One of the things that I love most about Gyrotonic is it’s malleability. The movements are organic and universal enough to translate to almost anything else that I am doing in my life. I don’t “do Gyro” so that I can get really talented at “doing Gyro”. For me, it is a useful tool on my journey of self knowledge, understanding, and breakthrough. The physicality of the technique helps me to notice my movement habits, acknowledge where and when I hold tension, and ultimately to change, advance, evolve. With the appearance of spring in Durango, my thoughts turn to how Gyro can help those pursuing the sport of golf, whether professionally, or in the spirit of good fun.
Watching golfers is a bit deceiving in my opinion. Their athleticism is not as immediately obvious as say a basketball or football player. I mean hey, they get to ride in carts from hole to hole, pretty luxurious no? On further inspection though there is a ton of coordination, strength, power, and flexibility necessary, particularly during the golf swing. These guys and gals can’t just hop onto the course on a balmy spring day and expect to play perfectly. It becomes clear that some kind of cross training is needed in order to prepare the player for all they will face during a game. Strength training is great for building muscle, keeping bones healthy, and creating a more powerful body with which to play. Flexibility training is equally important to keep those strong muscles supple and responsive. However, isolating these two things is not the most ideal method.
Enter Gyrotonic exercise, which has strength and flexibility components built into every move! Imagine being able to strengthen your muscles while you lengthen them, it’s like your work is cut in half! Genius! Take the spine for instance. During an ideal golf swing you must keep the spine long and spiraling around your center of gravity while at the same time creating enough power to hit that ball as far as you’d like it to go. Or the pelvis. It must also be flexible enough to spiral easily on top of your legs, which need to be able to hold you up and shift your weight as you swing. The arms need to be able to rotate, and bend without restriction. The wrists need to be strong and clear about how they guide the club through the air. Oh yeah, you should probably breathe a little bit too. If one of these things is not in optimal working condition, it can lead to injuries that can take you out of the game for weeks, months, or worse, become a chronic issue. Just watching someone with a tight, held pelvis, a hunched spine, and shoulders that are up to their ears as they move with rapid force sends sympathy pains coursing through my body!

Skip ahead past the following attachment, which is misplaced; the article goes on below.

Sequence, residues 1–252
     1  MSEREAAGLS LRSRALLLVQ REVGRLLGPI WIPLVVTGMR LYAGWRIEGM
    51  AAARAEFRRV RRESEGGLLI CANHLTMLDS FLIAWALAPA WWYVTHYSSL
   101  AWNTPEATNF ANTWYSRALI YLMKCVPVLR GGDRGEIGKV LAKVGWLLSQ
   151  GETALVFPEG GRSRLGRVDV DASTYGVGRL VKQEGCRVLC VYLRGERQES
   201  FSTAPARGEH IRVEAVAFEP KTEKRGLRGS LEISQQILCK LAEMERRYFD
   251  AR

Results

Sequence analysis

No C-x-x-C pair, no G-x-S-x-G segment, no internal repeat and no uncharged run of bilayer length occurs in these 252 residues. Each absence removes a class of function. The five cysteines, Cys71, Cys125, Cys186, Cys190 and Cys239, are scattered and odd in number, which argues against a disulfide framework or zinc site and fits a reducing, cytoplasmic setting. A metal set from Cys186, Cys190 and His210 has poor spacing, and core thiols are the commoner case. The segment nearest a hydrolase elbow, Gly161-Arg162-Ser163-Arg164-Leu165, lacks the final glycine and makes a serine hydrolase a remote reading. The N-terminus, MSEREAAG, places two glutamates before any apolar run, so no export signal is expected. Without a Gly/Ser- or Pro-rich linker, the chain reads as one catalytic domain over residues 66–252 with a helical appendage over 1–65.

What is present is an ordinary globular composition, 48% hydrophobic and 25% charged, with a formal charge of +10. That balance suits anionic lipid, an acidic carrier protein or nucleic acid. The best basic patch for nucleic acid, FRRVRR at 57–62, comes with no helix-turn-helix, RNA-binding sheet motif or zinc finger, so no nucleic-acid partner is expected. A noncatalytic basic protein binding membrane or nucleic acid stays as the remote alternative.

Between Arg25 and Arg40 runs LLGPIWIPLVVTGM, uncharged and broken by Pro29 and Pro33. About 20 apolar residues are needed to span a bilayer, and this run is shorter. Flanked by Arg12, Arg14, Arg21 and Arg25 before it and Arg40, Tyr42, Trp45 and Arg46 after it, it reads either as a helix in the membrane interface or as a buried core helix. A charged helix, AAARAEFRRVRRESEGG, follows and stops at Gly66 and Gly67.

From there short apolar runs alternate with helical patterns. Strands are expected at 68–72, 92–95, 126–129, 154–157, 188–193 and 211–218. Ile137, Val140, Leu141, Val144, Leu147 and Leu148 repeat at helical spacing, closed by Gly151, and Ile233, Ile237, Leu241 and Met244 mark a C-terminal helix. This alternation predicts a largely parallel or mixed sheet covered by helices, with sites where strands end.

Unfortunately, merely being strong and flexible does not automatically make you a superb golfer. You must also learn how to coordinate all of the elements of a golf swing with your new, loose, supple and strong body. Gyrotonic creator, Juliu Horvath, worked extensively with PGA tour instructor Dave Rasmussen to create a program specifically designed for golfers. This program predominantly addresses problems that players have with their swing. I was fortunate enough to take this course with Dave five years ago, and have since enjoyed analyzing players habitual movement patterns, and helping them make breakthroughs in their game.
In my experience, Gyrotonic exercises coupled with private golf instruction is the perfect combination of form and technique. Ultimately, golf is just a game, but what if you could play it with strength, ease, and confidence while minimizing pain and injury? Maybe then it would just be (gasp) fun?!